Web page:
Friday, October 26, 2007

Research: Like Salt To Mashed Potatoes, Part 6

How can I get real-life experience in the areas I love to write?

Judy Clemens, author of TILL THE COWS COME HOME, said in my blog interview with her some time ago that she worked on a dairy farm to research her novel. Now that’s hands-on!

Remember I mentioned earlier that I might be getting you involved in a high speed chase or two? Well, no time like the present. Metropolis, Illinois is a small town that has a sheriff’s department and a police department, but neither offer a Citizen’s Police Academy or ride-alongs. The Paducah, Kentucky police department (across the river from Metropolis, IL) DOES offer them, but primarily for McCracken County residents. I attend church with two Paducah cops, so I wheedled, and one of them helped me get into the class. (Never underestimate the value of your contacts to your writing.)

As a mystery writer of procedurals, I was in hog heaven attending the Paducah Citizens Police Academy. Class at 6 PM every Thursday night for eleven weeks, with coffee and cookies. Who could ask for more? Among other things, we took shooting lessons at the firing range, watched the bomb squad blow up things, did fake traffic stops, and studied a made-up crime scene. We learned tons of information about drugs, and at the end, had a graduation ceremony with a lovely plaque. The alumni from the first class formed a group that helps the police department by participating in fake drug busts so officers get more training, among other things.

My point is, writing about subjects we love gives us the chance to research same and participate in some of those activities. Get our hands ON.

For science fiction writers, this may seem tricky, but there are planetariums all over the country where you can observe the universe. And if you’re lucky, you might be able to observe a shuttle launch. (Side trip on a vacation? Tax deductible? Works for me.) There are classes in various places for wannabe astronauts.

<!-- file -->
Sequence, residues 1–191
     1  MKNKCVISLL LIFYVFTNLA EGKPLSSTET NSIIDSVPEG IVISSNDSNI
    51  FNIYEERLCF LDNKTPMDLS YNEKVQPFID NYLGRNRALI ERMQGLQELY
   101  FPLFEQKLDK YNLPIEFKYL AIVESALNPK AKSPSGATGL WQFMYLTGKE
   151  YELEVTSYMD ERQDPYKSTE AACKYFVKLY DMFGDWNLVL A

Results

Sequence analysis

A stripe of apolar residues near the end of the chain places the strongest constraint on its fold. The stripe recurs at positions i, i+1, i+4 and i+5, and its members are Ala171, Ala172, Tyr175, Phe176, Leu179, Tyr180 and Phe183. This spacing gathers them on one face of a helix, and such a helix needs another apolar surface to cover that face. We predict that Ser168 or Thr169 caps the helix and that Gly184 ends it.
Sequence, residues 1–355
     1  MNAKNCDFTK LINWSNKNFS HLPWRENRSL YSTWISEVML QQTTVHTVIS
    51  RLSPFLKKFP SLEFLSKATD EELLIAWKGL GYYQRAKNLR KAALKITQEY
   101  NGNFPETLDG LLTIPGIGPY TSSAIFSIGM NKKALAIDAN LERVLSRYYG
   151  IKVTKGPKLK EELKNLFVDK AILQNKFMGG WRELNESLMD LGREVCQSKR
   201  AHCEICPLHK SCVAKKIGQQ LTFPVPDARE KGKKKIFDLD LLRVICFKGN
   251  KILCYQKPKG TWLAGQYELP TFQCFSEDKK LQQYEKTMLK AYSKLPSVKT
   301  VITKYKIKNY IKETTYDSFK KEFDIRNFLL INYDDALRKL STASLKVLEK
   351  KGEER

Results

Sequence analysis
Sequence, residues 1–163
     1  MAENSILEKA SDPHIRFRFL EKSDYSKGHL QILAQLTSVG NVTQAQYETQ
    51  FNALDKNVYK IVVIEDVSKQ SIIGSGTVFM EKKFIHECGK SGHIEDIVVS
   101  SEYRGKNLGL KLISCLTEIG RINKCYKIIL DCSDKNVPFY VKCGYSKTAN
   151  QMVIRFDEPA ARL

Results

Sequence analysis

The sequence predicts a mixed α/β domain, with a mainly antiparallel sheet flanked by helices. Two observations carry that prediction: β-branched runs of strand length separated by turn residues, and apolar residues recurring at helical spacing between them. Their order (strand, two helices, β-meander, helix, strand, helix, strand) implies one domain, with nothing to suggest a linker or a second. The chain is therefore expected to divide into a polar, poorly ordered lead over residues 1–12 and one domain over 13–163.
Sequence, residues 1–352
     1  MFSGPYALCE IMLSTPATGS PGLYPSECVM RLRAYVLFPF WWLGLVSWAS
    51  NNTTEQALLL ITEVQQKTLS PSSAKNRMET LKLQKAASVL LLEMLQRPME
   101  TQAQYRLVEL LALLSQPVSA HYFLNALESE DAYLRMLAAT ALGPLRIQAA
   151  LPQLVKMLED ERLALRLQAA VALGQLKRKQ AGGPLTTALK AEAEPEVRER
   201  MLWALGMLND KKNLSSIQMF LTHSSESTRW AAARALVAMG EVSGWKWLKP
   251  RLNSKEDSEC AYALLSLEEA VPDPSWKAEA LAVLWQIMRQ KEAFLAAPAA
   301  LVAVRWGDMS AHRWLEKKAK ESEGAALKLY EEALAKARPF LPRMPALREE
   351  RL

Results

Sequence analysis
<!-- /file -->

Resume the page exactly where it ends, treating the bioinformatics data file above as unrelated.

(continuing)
Romance writers, how about a visit to a bed and breakfast, or some other romantic local spot you’ve always wanted to try? Either as a guest or to see how the employees work? Or maybe your story takes place at a race track? There’s a NASCAR operation in a mall in St. Louis where you can practice driving.

Western writers? The old west is still alive and well in parts of Nevada, Arizona, and New Mexico. And there are plenty of places to learn to shoot antique firearms or ride horseback all across the country. When my class arrived at the shooting range in Paducah, we had to wait for an antique firearms club (dressed in costume) to finish their practice time.

Fantasy writers? See all of the above. Most likely the planetarium would be your best bet. Or joining a fantasy writer’s group on the Internet. A search will give you options.

Want to write about golf, bowling, baseball, or other sports? Great time to take lessons. Want to write about a new hobby or craft? Now’s your chance. Thinking about changing jobs (and have the wherewithal to do it?) Maybe the job your hero does is the job you’d love to try?

All the other research methods I’m giving you are great, but hands-on is the very best way I know to get a true feel for your character(s) your setting, and your story. Okay, maybe you already are a lawyer, writing a novel about lawyers. So you know the drill. Great. But ALL of your characters can’t be lawyers or the book is going to be a bit boring. You need some diversity. If you already know all you need to about your hero, pick another character to do hands-on research about.

And if you’re REALLY brave, give some thought to trying something you’re too chicken to do, but one of your characters isn’t. Sky diving, anyone?

SUGGESTION: Choose something you’d like to research hands-on, not just on the Internet or in the newspaper. I realize you may not be able to actually do it right now, but make the commitment. Call and get information, leave your name and contact information, have flyers sent to you, or make some other kind of preparation.

The best part of the Citizens’ Police Academy was the ride-along. I’m still telling stories about that one. Trust me, watching Cops on television doesn’t come close to riding beside a real cop as he shoots down a main thoroughfare at eighty plus in the middle of the night. Loved it!


Clea Simon said...

So true! And thank you. I confess one of the things I love about researching my Theda Krakow mysteries is that they make me haul my 46-year-old butt to rock clubs. "Who's that old lady over in the corner taking notes?" But how else would I know about the busted trumpet stuck up into the acoustic tile? (And how else would I know that when the music is good, it still makes me move?)

Lonnie Cruse said...

Bawhwhahahahah! Love it, Clea, thanks for stopping by!